The former of these is a giant, bile-spewing monster who can regenerate his health and is only slightly harder to take down than Pablo Escobar, part of his problem being that when he spits bile on you, not only do you lose the ability to move properly, but you also go blind and start taking constant damage. Any two of these effects would be lethal enough on their own, but all three together had a tendency to spell the end for the poor bugger who managed to attract the ire of the troll, because not only are you taking damage that you can’t escape from, your condition also gives the troll enough time to lumber his way over to you and bash you into a corner so you can’t escape from his fists. The second mob mentioned above, the Blightcaster, is a sorcerer who teleports around the battlefield whenever he’s hit and has a tendency to either cast a vortex of swirling green magic or latch on to one poor sucker and suck the life force out of him. The main issue with these monsters is the fact that the game has a hard time figuring out how many of them is too many, and on several occasions we’ve defeated two of the bastards, only to have another one teleport in behind us and start sucking our health out through our nostrils.

Luckily, the unbalanced nature of the game goes both ways. Some characters with certain equipment set ups and job roles are completely overpowered. In particular, the fire mage has a certain staff that will obliterate entire clans of foul, stinking rat people off of the face of the Earth in a single sweep. It might feel a little bad at first to be relying on a single character to help your party get through a level, but after you’ve been mucused to death for the 5th time during the same troll fight, you’ll start to feel less bad about how much damage your companion can put out.

Despite everything though, the game still manages to come away with a recommendation. After you’ve been playing it long enough, you settle into a comfortable niche with your chosen character and job, carving your way through hordes of disgusting enemies with your friends by your side. The loot system is much less grindy now thanks to the changes to weapon crafting, and it is just good old-fashioned fun to smash a rat’s brains out with a giant hammer, then use your special ability to run behind his big friend, stick a crossbow up his arse and pull the trigger. Besides, in a few weeks’ time, most of these things will probably be patched out if history manages to repeat itself.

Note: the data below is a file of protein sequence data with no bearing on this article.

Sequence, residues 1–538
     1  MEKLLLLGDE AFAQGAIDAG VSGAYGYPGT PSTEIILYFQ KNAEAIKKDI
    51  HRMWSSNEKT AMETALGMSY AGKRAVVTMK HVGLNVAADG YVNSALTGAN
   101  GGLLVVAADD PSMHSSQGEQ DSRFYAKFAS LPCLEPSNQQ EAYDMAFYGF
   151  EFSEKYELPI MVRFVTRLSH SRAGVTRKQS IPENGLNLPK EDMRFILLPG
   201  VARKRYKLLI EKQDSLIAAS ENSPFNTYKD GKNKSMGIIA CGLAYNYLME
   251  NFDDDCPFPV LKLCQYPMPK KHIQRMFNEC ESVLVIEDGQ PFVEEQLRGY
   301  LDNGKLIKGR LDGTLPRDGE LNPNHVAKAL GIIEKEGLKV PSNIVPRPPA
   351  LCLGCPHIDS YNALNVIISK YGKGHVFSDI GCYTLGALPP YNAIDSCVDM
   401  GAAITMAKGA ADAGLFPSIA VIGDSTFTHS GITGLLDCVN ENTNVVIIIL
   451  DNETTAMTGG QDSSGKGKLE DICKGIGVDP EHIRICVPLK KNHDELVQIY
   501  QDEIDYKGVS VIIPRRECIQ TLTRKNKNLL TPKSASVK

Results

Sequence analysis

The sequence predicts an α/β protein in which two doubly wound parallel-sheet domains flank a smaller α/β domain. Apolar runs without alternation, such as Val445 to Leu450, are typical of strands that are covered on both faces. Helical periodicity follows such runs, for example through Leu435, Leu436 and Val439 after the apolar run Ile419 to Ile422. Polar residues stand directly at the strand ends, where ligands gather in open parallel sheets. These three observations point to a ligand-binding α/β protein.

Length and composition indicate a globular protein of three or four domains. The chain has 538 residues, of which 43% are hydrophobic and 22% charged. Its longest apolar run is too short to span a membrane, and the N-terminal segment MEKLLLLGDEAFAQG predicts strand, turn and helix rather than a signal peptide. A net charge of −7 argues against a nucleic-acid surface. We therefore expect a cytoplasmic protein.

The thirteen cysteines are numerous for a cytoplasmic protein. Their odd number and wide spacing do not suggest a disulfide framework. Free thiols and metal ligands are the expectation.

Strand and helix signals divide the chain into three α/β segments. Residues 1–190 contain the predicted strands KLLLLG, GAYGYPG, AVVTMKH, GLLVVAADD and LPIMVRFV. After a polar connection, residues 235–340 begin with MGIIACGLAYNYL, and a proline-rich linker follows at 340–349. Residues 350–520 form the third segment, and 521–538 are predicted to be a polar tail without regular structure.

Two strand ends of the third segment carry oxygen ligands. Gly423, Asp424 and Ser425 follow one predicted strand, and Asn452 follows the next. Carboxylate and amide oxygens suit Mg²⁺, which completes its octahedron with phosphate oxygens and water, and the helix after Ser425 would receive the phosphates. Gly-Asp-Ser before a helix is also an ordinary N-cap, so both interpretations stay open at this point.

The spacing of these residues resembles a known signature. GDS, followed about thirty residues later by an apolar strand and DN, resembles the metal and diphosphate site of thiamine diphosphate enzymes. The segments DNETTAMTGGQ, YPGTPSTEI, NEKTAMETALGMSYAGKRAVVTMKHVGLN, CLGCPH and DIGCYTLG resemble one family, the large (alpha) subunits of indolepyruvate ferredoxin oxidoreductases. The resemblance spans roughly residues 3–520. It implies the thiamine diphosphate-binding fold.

Developer: Fatshark

Publisher: Fatshark

Platforms: PS4, Xbox One, PC

Release Date: 8th March 2018

Warhammer: Vermintide II actually manages to feel different enough from the first game to feel like a true sequel rather than an expansion pack, even if some of the last game's features are actually missing here. The slightly increased number of maps is a nice change, and while the game has issues, the good rep of the developers for listening to their players and making decent changes does earn them a lot of good faith with regards to making positive changes in the future. If you were into the first game, then you'll be into this one, and if you never got a chance to try it out, there's never been a better time than now to start smashing the brains out of horrible and messy creatures.
  • New, less grind-heavy loot system
  • Sooooo much fun
  • Each character has a defined purpose
  • There's actually a tutorial this time
  • Unbalanced as all hell
  • Some features from the first game are missing